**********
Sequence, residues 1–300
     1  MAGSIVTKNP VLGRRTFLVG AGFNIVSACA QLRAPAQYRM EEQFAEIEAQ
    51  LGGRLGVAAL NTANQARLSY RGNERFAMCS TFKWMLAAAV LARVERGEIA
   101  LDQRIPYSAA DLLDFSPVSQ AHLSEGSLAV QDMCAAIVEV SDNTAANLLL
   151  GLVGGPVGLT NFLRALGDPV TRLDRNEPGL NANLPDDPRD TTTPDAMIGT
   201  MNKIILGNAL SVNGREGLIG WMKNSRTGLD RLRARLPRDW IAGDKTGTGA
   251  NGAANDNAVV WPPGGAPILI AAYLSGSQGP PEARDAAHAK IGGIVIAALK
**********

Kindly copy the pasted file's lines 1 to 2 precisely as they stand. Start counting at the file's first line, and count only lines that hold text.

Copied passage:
Sequence, residues 1–300
     1  MAGSIVTKNP VLGRRTFLVG AGFNIVSACA QLRAPAQYRM EEQFAEIEAQ